He imposed the basic requirements when screening artists for the series. “They have to submit a program of around 45 minutes. The pieces must have a uniting theme – which often enough become the title for the concert.  From there, we tweak the program. We refrain from presenting the same musical piece especially if the instrumentation is the same. I would revise the program if I sense that has the looks of a student recital.”

From concert series, he also endeavored to host masterclasses. “We started the masterclasses this year when Alexander Tchobanov came to visit Manila. Since the Covid cases were low, we were allowed by the building to have more people on the floor.  Normally, we would record chamber music without an audience and that would be limited to about 3 to 4 pax.  The feedback from the music community was astounding. One teacher told me that since it has been two years since any masterclass was done face-to-face, students readily grab these opportunities.”

The latest was the masterclasses of pianist Jovianney Emmanuel Cruz. Next is  that of Dingdong Fiel on July 27 and 28. “We can learn a lot from these seasoned artists. I am very glad that they are sharing it with the new generation of classical musicians in the country,” he said.

Mounting concerts during the pandemic had its extreme challenges. “The biggest challenge was scheduling.  Since we book the recordings way ahead, we never really know what the Covid situation will be in the coming months.  The Bach Piano Concertos project, for example, was supposed to be recorded last quarter of 2021 but had to be postponed several times due to surging Covid cases. Some of the musicians also caught the virus thus the need to reschedule.”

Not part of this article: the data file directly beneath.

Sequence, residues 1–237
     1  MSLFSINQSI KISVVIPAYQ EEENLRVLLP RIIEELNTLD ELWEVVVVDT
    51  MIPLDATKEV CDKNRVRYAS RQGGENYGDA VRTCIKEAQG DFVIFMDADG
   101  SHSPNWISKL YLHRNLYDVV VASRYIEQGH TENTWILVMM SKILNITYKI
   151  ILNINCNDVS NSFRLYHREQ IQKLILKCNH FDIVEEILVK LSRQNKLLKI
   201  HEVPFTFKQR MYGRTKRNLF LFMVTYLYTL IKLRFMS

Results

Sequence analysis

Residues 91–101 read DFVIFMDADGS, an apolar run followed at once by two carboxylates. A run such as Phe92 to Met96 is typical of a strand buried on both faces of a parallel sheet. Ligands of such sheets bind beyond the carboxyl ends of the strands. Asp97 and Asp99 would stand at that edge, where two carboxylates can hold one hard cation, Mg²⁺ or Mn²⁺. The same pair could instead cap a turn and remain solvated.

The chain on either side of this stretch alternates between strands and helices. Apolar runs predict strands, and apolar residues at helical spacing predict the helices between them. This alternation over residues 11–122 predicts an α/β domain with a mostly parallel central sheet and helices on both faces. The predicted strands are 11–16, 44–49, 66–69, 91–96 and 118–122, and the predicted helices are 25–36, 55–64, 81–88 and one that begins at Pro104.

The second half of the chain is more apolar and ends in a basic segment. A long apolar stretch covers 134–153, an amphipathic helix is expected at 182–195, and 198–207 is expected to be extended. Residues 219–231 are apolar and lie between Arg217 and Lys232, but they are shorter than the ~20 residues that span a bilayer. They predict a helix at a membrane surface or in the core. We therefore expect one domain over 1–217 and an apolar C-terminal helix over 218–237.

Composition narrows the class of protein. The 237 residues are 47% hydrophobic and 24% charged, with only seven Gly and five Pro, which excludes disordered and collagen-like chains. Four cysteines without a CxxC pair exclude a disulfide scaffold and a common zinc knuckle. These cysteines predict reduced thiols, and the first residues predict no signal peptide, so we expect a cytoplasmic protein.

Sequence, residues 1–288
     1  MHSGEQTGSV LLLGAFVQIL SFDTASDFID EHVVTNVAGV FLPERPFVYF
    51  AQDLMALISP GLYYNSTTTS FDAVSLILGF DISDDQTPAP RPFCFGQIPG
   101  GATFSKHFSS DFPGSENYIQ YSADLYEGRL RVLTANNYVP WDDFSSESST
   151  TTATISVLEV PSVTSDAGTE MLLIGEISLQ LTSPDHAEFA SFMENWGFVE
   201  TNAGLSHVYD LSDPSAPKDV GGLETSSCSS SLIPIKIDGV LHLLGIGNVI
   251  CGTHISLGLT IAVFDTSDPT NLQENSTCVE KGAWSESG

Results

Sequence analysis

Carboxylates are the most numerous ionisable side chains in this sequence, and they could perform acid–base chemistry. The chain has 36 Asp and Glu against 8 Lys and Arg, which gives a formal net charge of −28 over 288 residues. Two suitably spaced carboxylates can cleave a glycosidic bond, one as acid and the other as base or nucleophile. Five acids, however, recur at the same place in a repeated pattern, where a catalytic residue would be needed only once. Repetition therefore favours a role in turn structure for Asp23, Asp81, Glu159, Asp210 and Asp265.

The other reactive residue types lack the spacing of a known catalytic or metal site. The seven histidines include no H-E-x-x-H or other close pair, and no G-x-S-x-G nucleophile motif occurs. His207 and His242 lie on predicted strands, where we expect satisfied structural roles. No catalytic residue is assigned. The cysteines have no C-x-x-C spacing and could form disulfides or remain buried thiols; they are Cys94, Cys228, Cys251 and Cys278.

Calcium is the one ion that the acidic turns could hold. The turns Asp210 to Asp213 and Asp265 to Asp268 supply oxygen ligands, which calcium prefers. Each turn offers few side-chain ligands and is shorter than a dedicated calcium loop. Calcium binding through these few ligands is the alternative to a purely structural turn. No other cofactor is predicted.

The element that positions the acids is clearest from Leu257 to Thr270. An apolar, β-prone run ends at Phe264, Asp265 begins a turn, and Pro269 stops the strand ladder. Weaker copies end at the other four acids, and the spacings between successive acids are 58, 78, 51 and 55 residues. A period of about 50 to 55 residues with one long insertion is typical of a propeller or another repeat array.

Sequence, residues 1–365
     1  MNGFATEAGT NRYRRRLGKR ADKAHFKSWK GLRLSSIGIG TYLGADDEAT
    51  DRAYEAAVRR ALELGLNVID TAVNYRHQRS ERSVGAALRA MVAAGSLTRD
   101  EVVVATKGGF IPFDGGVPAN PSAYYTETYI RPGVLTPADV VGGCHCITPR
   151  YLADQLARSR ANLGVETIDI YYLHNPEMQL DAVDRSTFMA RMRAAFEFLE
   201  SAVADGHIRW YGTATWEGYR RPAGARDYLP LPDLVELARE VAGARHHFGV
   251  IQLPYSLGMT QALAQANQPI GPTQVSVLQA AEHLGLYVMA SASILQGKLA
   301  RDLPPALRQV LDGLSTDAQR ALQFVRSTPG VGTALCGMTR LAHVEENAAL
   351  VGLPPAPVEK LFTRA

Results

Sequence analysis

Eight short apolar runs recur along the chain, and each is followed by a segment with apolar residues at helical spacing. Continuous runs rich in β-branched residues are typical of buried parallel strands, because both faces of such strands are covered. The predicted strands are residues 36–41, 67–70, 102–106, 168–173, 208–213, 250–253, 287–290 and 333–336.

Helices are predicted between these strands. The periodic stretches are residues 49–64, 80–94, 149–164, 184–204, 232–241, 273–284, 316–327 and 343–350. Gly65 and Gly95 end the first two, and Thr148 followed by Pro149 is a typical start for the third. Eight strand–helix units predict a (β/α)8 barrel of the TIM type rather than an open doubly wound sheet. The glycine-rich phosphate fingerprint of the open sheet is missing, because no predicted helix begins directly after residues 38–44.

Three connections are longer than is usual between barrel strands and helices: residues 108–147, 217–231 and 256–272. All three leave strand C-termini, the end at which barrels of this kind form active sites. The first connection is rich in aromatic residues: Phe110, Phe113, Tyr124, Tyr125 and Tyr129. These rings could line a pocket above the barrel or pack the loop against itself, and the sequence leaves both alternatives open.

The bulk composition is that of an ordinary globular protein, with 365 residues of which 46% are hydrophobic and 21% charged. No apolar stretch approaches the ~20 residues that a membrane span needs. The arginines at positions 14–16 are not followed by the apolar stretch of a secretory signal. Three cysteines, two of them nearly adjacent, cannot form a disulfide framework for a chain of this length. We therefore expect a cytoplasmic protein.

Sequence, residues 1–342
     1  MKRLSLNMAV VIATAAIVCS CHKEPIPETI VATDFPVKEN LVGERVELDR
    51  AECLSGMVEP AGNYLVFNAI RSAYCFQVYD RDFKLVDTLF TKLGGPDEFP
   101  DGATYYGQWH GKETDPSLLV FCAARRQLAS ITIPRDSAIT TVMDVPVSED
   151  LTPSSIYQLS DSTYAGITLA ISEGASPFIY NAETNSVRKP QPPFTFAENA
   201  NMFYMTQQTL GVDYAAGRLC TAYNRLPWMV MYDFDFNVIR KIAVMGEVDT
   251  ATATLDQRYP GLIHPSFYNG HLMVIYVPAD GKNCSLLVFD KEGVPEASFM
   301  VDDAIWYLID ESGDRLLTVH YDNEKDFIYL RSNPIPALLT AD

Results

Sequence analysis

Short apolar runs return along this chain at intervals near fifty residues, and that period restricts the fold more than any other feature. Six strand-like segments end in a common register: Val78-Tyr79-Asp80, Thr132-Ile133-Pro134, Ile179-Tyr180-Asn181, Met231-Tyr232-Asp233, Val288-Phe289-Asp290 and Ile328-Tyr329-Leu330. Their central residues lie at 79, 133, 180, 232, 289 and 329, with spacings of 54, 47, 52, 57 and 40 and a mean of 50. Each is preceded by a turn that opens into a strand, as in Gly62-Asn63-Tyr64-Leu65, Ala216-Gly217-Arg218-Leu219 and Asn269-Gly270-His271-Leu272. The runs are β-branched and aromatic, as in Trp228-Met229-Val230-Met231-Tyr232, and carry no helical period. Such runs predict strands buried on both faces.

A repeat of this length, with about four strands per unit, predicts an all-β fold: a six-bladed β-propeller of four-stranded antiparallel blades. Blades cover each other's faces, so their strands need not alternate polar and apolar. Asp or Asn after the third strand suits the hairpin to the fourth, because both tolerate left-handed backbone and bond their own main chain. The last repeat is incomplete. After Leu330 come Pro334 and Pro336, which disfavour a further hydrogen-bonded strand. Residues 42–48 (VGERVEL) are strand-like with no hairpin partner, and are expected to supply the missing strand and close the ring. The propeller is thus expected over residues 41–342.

Arts promoter Richard Sy-Facunda at the technical booth of the Cultural Center of the Philippines.

As it is, Facunda is a one-man   concert presentor. He records with his own equipment, mixes and produces the final master video and design the posters from his own photoshoot. Indeed, that saved him a lot of money.

With good results in the last three years, he derives fulfillment from the artists extremely happy to be able to make music and see live audiences during the health crisis.

For him, making money out of what he does is out of the question.

 “I see this more as an apostolic mission rather than a business venture.  There are a lot of things that have to improve in the arena of classical music in the Philippines. The way that classical music is recorded, the way musicians come up with their programs and even the quality of pianos being used for performance. A lot of things can stand improvement,”he said.

He might as well be describing how classical musicians survive in this country.

(The July 24 program of the Manila Artists Series featuring tenor  Mark Joshua Fabic Morales with soprano Thea Perez, cellist  Job Polvoriza and pianist Dingdong Fiel include Franz Schubert’s Ave Maria, George Frederick Handel’s  Ombra mai fu, Antonio Vivaldi’s  Vedró con mio diletto, Jacques Offenbach’s Belle nuit, ô nui d’amour, Gioachino Rossini’s  Duetto buffo di due gatti (Cat Duet), George Frederick Handel’s Lascia ch’io pianga and  Piangerò la sorte mia, Riccardo Broschi’s  Ombra fedele anch’io and Nicola Porpora’s Alto giove, Riccardo Broschi’s  Son qual nave, Leopoldo Silos’s Lagi Kitang Naaalala and Santiago Suarez’s  Katakataka.)